Scanned, proofed and corrected from the original hardcover edition for enjoyable reading. (Worth every penny spent!)
A Boston attorney is injured on the road while traveling by buggy in Maine. His rescuer, who stabilizes his fractures and transports him to town for continued care, turns out, much to the patient's dismay, to be not only an attractive woman, but a very competent physician. As the attorney becomes increasingly aware of the quality of medical care he is receiving, he also finds himself falling in love with his doctor.
The work is replete with demonstrations of Dr. Zay's skill as physician, her humanity, and her professional commitment. Eventually her resistance to her suitor's offers of marriage is worn down, but she demands a contract which guarantees she will be able to continue the practice of medicine after the wedding. Set in the latter part of the nineteenth century, the novel romanticizes the practice of rural medicine and the contemporaneous view of late Victorian women pursuing this "masculine" profession.
An excerpt from the beginning of the first chapter:
"To my nephew, Waldo Yorke, of Beacon Street, Boston, Massachusetts, all such properties of mine as are vested in shipping, timber, or lumber, in the town of Sherman, in this State."
This was vague, but the more stimulating. What can compare with the bewitchment of arduous pursuit for uncertain privilege? There is an Orphean power well known to reside in testamentary documents, whereby the insignificant legacy will draw the most imposing fortune to dance attendance upon its possession. But it is doubtful if Waldo Yorke, of Beacon Street, Boston, Massachusetts, would have found himself inspired to a personal investigation of his departed relative's kind intentions concerning himself, but for a certain constitutional sensitiveness to this allurement attending the pursuit of unknown results.
"Send a lawyer, Waldo." His mother had said this over the coffee for which she delicately prescribed the proper Yorke admixture from Sèvres creamer. She spoke with the slightly peremptory accent which certain mothers retain, wither from force of habit or from intrinsic delight in the sound, long after the expectation of filial submission has become a myth of the Golden Age. Mrs. Yorke was a handsome woman, who wore point applicqué. She was lame.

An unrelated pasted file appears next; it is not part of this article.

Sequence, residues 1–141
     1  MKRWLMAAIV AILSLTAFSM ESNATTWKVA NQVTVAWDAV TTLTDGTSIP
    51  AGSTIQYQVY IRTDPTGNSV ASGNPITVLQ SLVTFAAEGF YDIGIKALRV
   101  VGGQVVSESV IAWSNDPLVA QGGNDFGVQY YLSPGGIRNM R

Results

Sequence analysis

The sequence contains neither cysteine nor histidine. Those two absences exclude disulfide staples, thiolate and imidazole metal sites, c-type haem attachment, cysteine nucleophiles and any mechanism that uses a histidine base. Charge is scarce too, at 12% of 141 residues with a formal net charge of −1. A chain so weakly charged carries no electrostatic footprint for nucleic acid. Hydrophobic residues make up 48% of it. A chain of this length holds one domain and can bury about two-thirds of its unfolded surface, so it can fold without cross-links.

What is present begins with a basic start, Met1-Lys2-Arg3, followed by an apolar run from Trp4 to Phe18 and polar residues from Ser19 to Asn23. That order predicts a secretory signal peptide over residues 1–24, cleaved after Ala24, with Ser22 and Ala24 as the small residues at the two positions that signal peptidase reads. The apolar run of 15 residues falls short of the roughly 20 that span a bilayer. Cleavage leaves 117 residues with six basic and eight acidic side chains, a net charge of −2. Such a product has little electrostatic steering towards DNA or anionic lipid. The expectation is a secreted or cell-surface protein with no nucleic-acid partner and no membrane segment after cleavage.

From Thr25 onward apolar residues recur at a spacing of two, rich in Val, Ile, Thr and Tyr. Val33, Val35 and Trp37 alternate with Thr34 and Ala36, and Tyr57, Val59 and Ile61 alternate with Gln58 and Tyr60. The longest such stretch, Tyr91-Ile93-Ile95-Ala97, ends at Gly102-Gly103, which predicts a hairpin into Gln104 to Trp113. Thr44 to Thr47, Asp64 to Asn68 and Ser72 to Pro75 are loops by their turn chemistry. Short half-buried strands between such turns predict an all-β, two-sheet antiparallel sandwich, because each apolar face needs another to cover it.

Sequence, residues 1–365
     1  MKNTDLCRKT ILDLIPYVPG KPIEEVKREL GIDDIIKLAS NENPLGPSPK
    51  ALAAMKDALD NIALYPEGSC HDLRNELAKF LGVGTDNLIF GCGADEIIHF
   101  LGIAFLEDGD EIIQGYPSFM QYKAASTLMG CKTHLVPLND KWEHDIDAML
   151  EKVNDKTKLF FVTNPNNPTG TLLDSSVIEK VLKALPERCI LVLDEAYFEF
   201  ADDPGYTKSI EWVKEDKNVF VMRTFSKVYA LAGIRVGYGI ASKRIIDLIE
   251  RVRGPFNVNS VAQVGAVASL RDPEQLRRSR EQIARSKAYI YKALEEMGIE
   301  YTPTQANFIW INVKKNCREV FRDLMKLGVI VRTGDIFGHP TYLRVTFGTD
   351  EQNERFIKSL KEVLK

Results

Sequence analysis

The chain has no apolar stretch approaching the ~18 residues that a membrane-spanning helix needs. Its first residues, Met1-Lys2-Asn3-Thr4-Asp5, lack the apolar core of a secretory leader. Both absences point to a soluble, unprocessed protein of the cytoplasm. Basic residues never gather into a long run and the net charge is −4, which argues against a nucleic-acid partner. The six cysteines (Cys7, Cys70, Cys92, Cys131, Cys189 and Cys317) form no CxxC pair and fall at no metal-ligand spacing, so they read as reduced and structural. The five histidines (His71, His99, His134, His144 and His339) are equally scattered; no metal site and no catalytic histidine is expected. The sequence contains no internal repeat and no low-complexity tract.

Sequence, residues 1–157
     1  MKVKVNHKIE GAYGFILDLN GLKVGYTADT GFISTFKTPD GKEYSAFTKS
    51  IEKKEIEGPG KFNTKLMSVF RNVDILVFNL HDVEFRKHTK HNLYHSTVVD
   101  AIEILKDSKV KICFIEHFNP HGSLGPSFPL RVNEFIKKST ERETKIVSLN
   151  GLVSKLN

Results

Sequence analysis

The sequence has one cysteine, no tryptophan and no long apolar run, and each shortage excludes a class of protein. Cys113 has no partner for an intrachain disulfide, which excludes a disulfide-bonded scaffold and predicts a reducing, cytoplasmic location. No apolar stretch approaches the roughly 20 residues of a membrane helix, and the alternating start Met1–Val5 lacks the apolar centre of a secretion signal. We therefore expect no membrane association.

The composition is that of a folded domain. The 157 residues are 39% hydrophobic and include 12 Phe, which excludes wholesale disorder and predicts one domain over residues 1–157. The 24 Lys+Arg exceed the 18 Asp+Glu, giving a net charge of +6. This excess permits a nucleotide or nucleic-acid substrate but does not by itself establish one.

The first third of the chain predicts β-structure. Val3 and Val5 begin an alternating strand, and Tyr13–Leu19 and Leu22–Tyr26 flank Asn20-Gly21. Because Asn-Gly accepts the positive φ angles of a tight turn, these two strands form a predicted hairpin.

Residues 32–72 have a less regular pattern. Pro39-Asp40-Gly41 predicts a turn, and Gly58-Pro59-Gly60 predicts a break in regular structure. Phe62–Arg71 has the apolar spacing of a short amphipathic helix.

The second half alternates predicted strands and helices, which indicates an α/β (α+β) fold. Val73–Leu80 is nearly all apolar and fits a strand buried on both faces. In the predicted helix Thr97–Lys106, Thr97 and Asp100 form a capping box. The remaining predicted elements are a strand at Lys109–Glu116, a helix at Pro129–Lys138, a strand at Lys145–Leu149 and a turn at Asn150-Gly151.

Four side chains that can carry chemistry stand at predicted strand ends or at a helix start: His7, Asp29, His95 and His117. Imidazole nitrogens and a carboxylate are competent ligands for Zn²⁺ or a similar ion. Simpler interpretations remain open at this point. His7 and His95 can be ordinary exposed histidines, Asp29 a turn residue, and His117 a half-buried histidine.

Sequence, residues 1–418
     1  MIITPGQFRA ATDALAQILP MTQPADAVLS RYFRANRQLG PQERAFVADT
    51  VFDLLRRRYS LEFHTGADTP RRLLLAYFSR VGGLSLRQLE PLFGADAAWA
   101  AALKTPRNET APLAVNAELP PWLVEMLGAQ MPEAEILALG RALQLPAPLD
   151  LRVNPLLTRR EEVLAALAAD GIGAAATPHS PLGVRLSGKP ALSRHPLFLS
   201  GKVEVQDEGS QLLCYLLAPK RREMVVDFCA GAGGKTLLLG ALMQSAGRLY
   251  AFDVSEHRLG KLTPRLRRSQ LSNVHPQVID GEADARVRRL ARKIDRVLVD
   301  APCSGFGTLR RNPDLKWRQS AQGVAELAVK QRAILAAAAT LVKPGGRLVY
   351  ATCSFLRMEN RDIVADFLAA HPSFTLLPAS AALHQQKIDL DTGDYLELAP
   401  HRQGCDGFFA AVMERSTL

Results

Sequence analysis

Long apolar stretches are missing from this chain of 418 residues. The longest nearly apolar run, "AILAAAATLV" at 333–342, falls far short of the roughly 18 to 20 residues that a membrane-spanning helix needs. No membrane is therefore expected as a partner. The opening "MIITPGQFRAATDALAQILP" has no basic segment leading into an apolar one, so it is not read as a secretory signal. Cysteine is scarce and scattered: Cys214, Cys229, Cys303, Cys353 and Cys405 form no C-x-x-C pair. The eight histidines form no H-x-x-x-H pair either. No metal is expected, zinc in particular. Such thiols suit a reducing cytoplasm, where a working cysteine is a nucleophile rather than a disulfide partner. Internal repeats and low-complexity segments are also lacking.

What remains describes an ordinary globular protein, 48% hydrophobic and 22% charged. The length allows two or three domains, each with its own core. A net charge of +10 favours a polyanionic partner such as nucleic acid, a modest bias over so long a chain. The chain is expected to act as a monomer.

Her son had reminded her that in sending Waldo Yorke he really was not far from doing the precise, if remarkable, thing of which she spoke.
"Quite true," said the lady. "I had forgotten. Your having a profession so seldom occurs to one, Waldo. And cousin Don would have been glad to go, now the season is over at the Club. He has nothing else to do."
"I am somewhat overborne with that calamity myself, mother," the young man had said, coloring slightly. "I don't think we will discuss the thing; I am going to hunt up Uncle Jed's legacy."
Mrs. Yorke had not discussed the thing. Although not even indulgently talked of as "rising" in his profession, this idle, strong-limbed, restless son of hers had incisive preferences, with which she was familiar, as well as with his somewhat sturdy methods of executing them. And although they had only each other to be "beholden to" in all the world,--that is to say, in Beacon Street, -they were accustomed to yield one another the large liberty of assured affection. A summer of separation was to be expected, when one was the lame old mother of a nervous young men Mrs. Yorke had kissed her son good-by royally, and here he was.
Here he was, lazily riding at the laziest hour of the sleepy noon, -- he and the sensitive horse he had been so fortunate as to find in Bangor for the trip. He had been alone with the pony and his own thoughts, through the magnificent Maine wilderness, for now two long, memorable days. An older traveler than young Yorke would have found them valuable days. He had chosen the land route, seventy-two miles from Bangor. He had a certain kind of thirst for solitude, which comes only to the city born and bred; most keenly to the young, and most passionately to the over-tasked. Waldo Yorke had never be over-tasked in his life. He leaned to the splendor through which he journeyed, enthusiastically, but criticised Nature, like an amateur, while he drank.